Evergreen Money Review: Checking & T-Bills Sweep with $250 Bonus

Evergreen Money

Product Name: Evergreen Money

Product Description: Evergreen Money is a high yield checking account that sweeps your funds into Treasury Bills to get you a higher yield. The interest is exempt from state and local taxes, which makes the effective yield even higher.


Evergreen is a fintech company that uses the banking services of Coastal Community Bank. Founded in 2023 by Bill Harris, who founded Personal Capital and was CEO of PayPal, they offer a high yield checking account that leverages Treasury bills as an investment vehicle.


  • High yield for checking account
  • Interest is exempt from state & local taxes
  • No incoming wires fee


  • 0.03% monthly fee
  • $10,000 minimum balance

With interest rates at the highest they’ve been in over twenty years, we’re now seeing a lot of fintech companies offering banking services that look to increase yield by investing in Treasury bills.

Evergreen Money is the latest company to do this. They’re offering a high-yield checking account that puts your money into U.S. Treasury bills and then pulls them out when you access your money, such as when you swipe your debit card.

The yield is currently 5.35% APY but subject to change since they are being swept into T-bills.

🎩 Tip of the hat to Jonathan at My Money Blog for being the first (I saw) to write about Evergreen.

Table of Contents
  1. Who is Evergreen Money?
  2. Evergreen Liquid Treasuries
  3. $250 with $10,000 Deposit
  4. Evergreen Account Opening Process
  5. What are some alternatives?
  6. Is this a good deal?

Who is Evergreen Money?

Evergreen Money is a fintech so they are not themselves a bank, they get their banking services through Coastal Community Bank, FDIC insured #34403. Coastal Community Bank is one of those white-label banks that offer their services to fintechs you’re likely familiar with, like Aspiration, BlueVine, Prosper, Albert, etc.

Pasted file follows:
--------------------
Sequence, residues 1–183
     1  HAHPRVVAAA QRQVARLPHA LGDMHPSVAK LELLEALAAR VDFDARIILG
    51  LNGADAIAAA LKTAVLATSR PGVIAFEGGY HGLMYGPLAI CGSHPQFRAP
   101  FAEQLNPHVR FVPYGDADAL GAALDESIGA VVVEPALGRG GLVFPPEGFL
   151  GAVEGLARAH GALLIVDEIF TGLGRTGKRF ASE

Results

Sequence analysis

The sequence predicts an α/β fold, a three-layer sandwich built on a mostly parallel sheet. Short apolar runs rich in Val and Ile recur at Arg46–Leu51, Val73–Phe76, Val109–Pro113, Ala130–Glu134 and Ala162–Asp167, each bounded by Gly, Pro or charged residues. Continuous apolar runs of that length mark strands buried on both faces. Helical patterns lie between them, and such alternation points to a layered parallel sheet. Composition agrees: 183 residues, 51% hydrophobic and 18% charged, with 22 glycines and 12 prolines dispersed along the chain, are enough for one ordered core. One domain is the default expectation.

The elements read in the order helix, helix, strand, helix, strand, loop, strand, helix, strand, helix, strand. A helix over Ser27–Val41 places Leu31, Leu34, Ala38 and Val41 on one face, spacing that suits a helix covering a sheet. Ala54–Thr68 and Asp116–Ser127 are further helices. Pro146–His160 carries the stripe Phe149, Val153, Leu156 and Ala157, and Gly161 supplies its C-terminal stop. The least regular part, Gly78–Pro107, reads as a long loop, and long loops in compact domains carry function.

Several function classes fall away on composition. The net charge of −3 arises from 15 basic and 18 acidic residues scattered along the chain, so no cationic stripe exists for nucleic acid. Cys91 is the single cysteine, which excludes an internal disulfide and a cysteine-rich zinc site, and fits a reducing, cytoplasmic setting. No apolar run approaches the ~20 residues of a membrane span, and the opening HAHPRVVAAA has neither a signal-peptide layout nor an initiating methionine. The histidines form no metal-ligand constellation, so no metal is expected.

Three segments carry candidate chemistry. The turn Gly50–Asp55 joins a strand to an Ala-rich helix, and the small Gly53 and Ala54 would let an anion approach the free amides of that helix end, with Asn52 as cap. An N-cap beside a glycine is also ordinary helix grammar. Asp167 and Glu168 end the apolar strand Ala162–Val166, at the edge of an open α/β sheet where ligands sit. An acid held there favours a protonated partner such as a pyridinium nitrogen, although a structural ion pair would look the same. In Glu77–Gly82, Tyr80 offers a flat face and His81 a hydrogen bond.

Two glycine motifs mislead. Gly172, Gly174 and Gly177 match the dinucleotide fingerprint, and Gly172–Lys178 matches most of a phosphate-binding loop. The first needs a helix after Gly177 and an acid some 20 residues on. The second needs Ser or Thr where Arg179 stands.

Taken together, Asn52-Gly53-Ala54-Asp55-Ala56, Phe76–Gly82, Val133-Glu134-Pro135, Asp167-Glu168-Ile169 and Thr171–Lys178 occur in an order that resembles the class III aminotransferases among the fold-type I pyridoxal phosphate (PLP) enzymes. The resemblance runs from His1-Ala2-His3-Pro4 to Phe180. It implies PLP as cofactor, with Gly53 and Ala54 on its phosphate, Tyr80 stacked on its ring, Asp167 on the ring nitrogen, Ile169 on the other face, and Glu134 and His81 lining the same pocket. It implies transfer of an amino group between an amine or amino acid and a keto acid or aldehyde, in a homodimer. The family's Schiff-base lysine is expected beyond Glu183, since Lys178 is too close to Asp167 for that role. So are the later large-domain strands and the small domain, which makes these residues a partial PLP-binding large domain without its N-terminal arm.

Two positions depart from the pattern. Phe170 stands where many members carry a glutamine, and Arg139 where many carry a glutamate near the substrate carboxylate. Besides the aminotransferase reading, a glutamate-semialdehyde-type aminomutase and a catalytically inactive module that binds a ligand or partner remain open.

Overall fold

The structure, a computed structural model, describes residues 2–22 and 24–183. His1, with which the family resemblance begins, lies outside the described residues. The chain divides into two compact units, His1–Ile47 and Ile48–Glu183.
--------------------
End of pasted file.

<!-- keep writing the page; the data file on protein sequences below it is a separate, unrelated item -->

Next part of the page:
Treasury bills are held in an SIPC-insured brokerage account with Jiko Securities. Jiko themselves offer a banking service that does something very similar, though their homepage just has a contact us form and is sparse on details.

Evergreen Money was founded by Bill Harris, who also founded Personal Capital (now Empower) and was CEO of PayPal and TurboTax.

Evergreen Liquid Treasuries

They have a checking product called “Liquid Treasuries” that offers a 5.35% APY – already a compelling offer on its own. They do this by sweeping your funds into U.S. Treasury bills to get the higher yield.

And, since the interest comes from U.S. Treasury bills, is is exempt from state and local taxes. In Maryland, the state taxes interest income at 6.00%. This means that a 5.00% APY that is exempt from state taxes is equivalent to a ~5.32% APY. It’s still subject to federal income taxes, but so is simple bank interest.